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March 2018 Issue

The Future of Protein

Protein in our food supply was the hot topic at the Sustainable Agriculture Summit in Kansas City in November 2017. In our ancient past, animal protein sources came from wild roaming animals, game, and seafood. With the dawn of agriculture, domesticated farm animals, such as cows, goats, pigs, and chickens, started forming our primary source of animal protein. The mixed family farm arose, with animals feeding on pasture, wild forage, and unusable foods from the farm, and in return providing manure to increase soil fertility for crops. But the 1850s brought the age of industrialization to our animal protein sources. Today our model is to concentrate animals in larger farms, feed them cultivated grains, and allow manures to accumulate on the land. This poses sustainability concerns related to increased carbon footprint for growing grains to feed animals, as well as pollution related to manure runoff.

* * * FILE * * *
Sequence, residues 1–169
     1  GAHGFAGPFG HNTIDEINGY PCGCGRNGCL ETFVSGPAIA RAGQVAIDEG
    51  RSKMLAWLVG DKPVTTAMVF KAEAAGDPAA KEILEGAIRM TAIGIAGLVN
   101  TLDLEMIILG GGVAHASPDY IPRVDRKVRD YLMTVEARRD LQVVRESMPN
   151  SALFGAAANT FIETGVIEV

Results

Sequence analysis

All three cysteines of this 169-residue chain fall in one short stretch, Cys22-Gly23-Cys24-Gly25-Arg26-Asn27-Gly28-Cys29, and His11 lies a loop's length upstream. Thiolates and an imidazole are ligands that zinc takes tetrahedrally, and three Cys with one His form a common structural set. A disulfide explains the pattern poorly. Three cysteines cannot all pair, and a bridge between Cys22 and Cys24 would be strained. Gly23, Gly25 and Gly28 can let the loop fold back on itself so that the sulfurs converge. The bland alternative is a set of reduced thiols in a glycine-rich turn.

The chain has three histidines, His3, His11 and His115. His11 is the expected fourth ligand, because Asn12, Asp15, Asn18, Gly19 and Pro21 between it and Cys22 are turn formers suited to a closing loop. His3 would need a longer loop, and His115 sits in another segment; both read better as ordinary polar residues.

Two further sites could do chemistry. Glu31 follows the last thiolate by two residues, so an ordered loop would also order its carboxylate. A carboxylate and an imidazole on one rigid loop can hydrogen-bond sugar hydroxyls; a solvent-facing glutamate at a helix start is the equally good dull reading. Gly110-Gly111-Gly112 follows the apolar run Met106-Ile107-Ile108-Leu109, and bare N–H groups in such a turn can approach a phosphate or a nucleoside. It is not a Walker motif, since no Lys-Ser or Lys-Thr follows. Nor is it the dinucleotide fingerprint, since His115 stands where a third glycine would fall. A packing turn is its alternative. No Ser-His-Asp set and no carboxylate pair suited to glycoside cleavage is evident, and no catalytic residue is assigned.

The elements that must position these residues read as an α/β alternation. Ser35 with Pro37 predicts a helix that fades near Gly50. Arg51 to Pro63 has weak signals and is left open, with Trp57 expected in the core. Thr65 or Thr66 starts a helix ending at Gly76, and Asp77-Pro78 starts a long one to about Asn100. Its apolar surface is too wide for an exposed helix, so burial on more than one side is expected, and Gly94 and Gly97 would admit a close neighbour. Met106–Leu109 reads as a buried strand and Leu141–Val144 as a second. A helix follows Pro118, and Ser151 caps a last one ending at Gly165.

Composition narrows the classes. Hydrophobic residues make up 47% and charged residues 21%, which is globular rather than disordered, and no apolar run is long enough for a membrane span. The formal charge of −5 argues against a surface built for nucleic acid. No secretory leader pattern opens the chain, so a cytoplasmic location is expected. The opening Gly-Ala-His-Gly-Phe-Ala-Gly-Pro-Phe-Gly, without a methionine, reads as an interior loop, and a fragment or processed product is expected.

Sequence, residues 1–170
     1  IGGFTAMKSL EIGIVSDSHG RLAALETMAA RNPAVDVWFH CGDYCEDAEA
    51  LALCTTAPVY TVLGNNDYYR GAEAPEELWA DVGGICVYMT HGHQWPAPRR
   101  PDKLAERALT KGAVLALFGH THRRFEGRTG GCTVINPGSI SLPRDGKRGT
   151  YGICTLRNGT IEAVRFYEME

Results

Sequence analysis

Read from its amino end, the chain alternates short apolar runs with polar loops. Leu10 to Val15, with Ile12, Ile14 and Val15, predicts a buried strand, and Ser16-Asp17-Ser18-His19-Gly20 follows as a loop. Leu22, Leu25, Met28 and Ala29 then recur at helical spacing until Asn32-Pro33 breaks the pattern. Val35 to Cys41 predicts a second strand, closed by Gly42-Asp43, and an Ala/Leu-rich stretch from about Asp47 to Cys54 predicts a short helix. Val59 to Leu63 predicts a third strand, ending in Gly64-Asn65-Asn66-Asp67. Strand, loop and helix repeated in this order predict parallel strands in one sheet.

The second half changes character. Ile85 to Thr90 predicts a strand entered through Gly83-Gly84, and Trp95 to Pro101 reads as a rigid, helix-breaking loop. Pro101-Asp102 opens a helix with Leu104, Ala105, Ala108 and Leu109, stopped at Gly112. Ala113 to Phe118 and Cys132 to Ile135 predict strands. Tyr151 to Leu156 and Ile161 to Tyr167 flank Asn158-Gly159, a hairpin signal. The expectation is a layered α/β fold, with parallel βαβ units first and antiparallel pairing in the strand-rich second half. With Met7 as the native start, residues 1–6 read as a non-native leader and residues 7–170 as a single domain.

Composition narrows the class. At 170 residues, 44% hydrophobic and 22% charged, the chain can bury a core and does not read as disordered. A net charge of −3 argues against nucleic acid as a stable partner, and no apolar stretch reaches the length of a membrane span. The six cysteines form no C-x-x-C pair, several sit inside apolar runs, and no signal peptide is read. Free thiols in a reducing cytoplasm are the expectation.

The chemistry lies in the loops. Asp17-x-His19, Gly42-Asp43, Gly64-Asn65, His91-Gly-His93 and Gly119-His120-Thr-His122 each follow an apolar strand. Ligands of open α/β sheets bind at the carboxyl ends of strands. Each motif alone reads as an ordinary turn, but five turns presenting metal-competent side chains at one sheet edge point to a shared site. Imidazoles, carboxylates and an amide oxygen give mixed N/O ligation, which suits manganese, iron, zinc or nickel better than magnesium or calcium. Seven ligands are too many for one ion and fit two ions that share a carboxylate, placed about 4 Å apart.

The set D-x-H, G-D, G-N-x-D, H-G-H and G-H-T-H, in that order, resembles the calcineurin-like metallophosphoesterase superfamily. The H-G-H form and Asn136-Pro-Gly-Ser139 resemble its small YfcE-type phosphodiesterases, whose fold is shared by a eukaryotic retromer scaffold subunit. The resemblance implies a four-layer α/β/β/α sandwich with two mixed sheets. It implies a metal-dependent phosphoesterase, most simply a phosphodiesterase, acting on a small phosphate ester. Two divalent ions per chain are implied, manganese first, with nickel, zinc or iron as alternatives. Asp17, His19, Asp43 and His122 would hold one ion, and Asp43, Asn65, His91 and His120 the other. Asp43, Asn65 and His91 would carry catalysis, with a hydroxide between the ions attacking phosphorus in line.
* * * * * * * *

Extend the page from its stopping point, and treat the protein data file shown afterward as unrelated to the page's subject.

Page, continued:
So, what do today’s sustainable protein sources look like? The plate has been switched from an animal-centric menu to one that is more plant-focused. A sustainable plate might have very small amounts (1 ounce) of animal protein (in particular red meat) with more plant proteins, such as pulses, grains, and vegetables. New, more sustainable protein sources are coming too, such as insects and sea plants. Be prepared to think differently about the protein on your plate.